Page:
'Dreams take flight' for first Indigenous woman to own an airline in Canada
Published Friday, October 5, 2018 10:43AM EDT
A veteran pilot with more than 15 years of experience is setting her sights even higher with the launch of her very own airline – the first for an Indigenous woman in Canada.
Teara Fraser, a Metis pilot and entrepreneur, plans to offer flights to remote Indigenous communities underserviced by other major carriers through her new airline Iskwew Air next year.
“I’m hoping to inspire people to have their dreams take flight,” she told CTV’s Your Morning from Vancouver on Friday. “It means a lot for me to be able to combine my experience and my passion for aviation as one of the very few women and Indigenous pilots and to be able to create an airline that is for everyone.”
The name “Iskwew” means a lot to Fraser.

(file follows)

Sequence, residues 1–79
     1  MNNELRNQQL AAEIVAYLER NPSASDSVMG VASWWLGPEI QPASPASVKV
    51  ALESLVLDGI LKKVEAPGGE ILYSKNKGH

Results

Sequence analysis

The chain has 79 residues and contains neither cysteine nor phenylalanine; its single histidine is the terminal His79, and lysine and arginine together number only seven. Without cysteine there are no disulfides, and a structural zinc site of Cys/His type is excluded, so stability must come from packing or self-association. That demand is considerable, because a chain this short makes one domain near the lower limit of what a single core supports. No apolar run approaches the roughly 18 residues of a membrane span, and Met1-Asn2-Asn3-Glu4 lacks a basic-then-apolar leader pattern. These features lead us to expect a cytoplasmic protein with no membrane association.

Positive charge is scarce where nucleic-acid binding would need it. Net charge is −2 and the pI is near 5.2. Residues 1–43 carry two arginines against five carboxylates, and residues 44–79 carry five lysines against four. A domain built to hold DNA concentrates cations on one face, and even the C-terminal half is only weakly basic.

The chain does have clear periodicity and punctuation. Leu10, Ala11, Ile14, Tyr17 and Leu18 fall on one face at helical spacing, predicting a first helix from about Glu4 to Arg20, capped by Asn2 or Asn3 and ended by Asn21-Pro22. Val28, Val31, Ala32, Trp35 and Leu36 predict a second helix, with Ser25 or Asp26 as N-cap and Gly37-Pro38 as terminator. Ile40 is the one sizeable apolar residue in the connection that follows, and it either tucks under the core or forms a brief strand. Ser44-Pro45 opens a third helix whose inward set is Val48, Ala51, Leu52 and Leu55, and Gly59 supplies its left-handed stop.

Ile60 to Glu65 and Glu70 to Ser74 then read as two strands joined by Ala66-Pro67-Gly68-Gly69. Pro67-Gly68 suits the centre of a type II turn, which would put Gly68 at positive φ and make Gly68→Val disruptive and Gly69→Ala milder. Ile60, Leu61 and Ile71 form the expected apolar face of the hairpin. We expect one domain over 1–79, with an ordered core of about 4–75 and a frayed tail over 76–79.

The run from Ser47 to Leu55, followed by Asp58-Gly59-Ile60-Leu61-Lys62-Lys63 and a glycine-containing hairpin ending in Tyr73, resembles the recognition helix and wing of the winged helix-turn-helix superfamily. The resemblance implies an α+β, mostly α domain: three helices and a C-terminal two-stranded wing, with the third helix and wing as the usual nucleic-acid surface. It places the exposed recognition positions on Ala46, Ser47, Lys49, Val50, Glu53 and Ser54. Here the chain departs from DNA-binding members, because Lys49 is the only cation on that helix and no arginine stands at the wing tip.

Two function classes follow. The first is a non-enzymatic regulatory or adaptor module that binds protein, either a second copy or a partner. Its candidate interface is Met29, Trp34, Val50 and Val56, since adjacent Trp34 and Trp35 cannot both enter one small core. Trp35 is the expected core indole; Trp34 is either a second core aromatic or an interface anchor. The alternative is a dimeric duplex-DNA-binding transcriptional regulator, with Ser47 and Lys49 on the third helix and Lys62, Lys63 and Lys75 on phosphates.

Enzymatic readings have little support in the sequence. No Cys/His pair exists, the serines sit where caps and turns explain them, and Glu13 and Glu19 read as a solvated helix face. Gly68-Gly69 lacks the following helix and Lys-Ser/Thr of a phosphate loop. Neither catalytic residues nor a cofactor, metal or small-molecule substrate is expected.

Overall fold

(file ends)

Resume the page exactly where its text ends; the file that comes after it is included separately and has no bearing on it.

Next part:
“Iskwew is a Cree word for woman and the name was mindfully chosen as an act of reclamation,” she explained. “Reclamation of womanhood, reclamation of matriarchal leadership, and reclamation of language.”
For now, Fraser only has a single twin-engine aircraft to transport travellers to remote locales, but she said she hopes to grow her fleet to offer full charter services one day.
Iskwew Air will operate out of Vancouver International Airport starting on March 8, 2019 – International Women’s Day. Fraser said her company received a blessing from the Musqueam people – whose territory the airport is located on – in September.
Ahead of the launch, Fraser said she’s still deciding on which destinations her airline will fly to.
“Between now and then we’ll be exploring the communities and the areas that we can serve that are in line with our values and vision and where we can be of the best service,” she said.
The longtime pilot has already owned her own businesses before, including Kisik Aerial Survey Inc., which provides aerial imagery in Western Canada and the northwestern United States. Iskwew Air is special, Fraser says, as she hopes it will become a champion of women and Indigenous peoples.
“I care about ensuring our communities continue to receive the services that they very much need in a time where we’re facing a global, national, and local pilot shortage that is sure to impact our communities,” she said.